Saturday, August 6, 2016

Joey Purp’s three eyes are wide open in his official sophomore mixtape, ‘iiiDrops’

iiiDrops (mixtape) by Joey Purp
Right in line and fine formation with Chicago’s growing renaissance of young flourishing hip-hop artists like Chance The Rapper, Vic Mensa, Noname, G Herbo, Kembe X, Lance Skiiiwalker and many more, Joey Purp (Joey Davis) of the Savemoney and Leather Corduroy crews is in like fashion making a way for himself with his creative well written rhyme lines focusing on his environment and the conditions of his residence over music made by his similarly talented friends and producers de la Chi. His second mixtape, iiiDrops (released independently on May 27), follows his 2012 debut The Purple Tape and is a firm potent mix of fun jams and joints displaying his societal sociopolitical awareness and consciousness that reveal the uneven keel he, his family and mates experience everyday in their city. Purp’s attention to authentic rapping on smart brilliant topics to beats of a new unique nature makes iiiDrops one of the most urgent Chicago hip-hop projects to come out so far this year.

A serious emcee in all respects, Purp gets his points across without wasting time or added unnecessary filler but keeps his tone light in songs like the bouncy flirty “Girls” featuring Chance The Rapper, “Photobooth,” and the hazy blurry “Kids” narco-ballad. To set the overall emotional framework of the project initially though, he admits he has firsthand eyewitness knowledge of Chiraq violence yet hopes for the best in “Morning Sex,” he raps about the status quo and speaks on ways the poor and disadvantaged are kept down in “Money & Bitches” featuring Mick Jenkins (another great Chicago rapper), and states in the Teddy Jackson-assisted “When I’m Gone” that “the system just make[s] a victim out of innocent people, set[s] us up for failure and tells us that we [are] not an equal.”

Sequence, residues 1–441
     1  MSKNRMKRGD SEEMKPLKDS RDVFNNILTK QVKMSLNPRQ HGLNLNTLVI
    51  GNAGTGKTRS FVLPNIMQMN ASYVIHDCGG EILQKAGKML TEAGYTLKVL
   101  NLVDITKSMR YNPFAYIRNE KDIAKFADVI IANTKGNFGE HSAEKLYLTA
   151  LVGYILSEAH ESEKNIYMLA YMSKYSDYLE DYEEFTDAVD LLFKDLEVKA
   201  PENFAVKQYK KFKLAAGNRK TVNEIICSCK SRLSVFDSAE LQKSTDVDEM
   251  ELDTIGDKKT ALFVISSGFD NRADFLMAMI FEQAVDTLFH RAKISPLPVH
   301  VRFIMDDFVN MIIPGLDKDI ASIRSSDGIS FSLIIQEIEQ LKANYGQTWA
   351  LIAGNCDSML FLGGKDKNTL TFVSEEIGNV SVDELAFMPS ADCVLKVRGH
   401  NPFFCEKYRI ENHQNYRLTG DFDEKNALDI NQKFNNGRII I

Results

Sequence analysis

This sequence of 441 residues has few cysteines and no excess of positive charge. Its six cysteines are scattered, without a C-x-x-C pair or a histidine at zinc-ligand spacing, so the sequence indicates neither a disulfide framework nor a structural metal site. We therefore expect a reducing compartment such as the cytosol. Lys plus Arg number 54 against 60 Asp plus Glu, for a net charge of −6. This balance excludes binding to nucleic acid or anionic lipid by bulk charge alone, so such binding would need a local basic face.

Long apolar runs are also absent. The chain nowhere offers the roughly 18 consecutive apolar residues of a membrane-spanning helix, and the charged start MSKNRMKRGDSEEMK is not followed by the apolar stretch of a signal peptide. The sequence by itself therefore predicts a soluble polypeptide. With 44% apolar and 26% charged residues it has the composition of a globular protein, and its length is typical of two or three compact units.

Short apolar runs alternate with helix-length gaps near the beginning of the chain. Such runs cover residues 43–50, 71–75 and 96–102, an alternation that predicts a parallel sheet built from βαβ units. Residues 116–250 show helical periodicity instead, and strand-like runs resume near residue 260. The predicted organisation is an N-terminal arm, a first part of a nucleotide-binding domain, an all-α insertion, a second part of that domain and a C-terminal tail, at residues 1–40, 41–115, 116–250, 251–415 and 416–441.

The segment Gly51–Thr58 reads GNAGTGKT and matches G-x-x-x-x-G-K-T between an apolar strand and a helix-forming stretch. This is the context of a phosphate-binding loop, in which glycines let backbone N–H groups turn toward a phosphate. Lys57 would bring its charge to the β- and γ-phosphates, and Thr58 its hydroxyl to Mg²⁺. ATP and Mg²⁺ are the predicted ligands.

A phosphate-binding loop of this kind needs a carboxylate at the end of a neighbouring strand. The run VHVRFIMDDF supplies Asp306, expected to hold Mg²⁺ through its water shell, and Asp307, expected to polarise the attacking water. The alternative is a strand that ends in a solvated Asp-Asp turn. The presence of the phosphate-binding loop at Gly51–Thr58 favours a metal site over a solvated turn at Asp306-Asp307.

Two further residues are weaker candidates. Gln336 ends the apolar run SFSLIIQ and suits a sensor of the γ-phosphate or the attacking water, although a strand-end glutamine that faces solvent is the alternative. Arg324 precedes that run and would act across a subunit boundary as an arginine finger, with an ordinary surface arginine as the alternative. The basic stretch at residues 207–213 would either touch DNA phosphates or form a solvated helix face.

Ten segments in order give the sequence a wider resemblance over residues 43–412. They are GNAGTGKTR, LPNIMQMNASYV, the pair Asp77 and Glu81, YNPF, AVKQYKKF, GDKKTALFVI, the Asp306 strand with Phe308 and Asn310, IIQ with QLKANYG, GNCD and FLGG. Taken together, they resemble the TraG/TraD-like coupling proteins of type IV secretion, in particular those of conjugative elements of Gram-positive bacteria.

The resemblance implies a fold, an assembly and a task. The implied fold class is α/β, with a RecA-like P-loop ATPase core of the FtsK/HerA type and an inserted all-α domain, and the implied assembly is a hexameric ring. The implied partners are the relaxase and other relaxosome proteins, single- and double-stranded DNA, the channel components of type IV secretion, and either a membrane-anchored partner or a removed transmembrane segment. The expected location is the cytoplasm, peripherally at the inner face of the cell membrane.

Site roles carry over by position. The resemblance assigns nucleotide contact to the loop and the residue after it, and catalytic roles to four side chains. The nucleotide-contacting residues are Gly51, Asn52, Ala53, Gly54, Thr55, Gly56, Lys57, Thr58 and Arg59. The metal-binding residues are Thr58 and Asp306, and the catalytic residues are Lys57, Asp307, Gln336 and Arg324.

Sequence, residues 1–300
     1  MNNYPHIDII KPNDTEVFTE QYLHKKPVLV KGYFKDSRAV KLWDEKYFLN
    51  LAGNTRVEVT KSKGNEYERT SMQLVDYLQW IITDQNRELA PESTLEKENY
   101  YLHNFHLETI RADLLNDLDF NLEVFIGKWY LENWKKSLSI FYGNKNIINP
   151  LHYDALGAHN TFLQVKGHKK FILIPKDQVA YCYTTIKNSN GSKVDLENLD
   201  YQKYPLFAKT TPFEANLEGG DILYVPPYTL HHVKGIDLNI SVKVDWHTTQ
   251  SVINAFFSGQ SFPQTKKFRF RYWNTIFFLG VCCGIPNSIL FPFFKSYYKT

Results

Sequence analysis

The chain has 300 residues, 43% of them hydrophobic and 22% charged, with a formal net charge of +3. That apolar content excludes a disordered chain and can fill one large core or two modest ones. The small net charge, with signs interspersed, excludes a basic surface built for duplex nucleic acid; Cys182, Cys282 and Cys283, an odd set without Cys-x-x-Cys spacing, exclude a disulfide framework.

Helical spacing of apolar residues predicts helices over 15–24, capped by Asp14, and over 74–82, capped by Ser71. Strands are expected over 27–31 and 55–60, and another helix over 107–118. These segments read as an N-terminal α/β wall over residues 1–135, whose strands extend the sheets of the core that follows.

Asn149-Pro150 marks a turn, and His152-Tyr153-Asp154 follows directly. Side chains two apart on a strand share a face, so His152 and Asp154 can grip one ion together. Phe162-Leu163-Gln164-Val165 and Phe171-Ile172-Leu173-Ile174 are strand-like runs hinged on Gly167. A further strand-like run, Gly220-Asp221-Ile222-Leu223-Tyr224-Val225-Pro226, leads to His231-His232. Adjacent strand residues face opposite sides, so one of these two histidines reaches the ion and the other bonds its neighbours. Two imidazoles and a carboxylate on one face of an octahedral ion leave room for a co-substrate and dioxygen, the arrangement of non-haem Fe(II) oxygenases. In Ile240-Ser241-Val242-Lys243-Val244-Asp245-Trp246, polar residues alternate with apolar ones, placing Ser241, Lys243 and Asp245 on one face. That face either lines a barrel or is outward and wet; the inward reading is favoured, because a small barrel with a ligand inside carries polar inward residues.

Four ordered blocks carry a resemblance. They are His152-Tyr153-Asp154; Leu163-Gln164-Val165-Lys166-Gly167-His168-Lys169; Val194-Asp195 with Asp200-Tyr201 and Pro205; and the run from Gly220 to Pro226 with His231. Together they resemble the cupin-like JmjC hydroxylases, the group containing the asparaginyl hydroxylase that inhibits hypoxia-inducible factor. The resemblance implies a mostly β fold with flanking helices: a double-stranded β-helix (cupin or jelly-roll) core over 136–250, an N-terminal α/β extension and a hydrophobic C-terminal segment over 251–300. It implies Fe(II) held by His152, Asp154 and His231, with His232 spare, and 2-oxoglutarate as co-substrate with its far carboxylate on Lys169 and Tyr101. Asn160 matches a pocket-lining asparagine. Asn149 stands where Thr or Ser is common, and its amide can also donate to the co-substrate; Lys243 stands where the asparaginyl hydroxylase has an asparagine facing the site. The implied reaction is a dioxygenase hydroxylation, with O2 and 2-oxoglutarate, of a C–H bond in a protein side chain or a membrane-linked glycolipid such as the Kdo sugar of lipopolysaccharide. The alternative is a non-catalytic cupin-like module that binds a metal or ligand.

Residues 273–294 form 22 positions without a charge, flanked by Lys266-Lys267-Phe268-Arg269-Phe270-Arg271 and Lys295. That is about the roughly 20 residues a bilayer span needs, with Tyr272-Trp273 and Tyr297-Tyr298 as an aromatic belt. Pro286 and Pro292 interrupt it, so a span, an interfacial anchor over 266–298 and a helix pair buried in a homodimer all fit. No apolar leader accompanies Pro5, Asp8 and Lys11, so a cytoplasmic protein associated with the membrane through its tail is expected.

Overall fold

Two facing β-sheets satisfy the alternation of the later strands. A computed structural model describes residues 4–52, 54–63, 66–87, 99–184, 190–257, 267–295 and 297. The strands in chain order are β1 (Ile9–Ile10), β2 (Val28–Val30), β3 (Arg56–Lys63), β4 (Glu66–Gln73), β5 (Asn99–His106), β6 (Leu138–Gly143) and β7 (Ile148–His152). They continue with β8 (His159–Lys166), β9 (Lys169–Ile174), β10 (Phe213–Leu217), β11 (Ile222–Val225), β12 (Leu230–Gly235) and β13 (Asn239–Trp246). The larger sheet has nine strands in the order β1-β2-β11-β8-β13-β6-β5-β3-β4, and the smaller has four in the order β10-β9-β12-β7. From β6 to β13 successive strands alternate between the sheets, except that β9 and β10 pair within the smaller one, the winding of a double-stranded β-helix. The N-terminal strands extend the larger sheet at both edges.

In “Cornerstore,” with Saba and theMIND, Purp touches on some of his touching childhood memories from when he was a more impressionable, vulnerable youngster, and in “Say You Do,” he confronts his girl who he suspects is feigning affection for him. From there on out, it’s nothing but good vibes. “Godbody” is an exhibition of Purp’s ability to transmit tight flows in perfect music time and to close everything out, “Winners Circle” (ft. Vic Mensa) and “Escape” march forward into the horizon with persistence, determination, ambition and commitment, ignoring all distractions at every step. All along the way, Joey is aided by eleven all new, original, unrecycled beats from maestros of record-making like Knox Fortune, Peter Cottontale, Thelonious Martin and Donnie Trumpet. Obviously the Social Experiment influence on the music is effulgent and unescapable though altered a bit for an overall coarser, more overcast shade and essence, tailored to Purp's personality. Joey Purp may not do anything much more progressive besides diagnosis the problems evident in his hometown here (some solutions and a possible prognosis would have been helpful), but without question, iiiDrops is another big one-up for Chicagoland and a fab add-on to hip-hop history for a city that really needs it at the moment.

4 out of 5 stars

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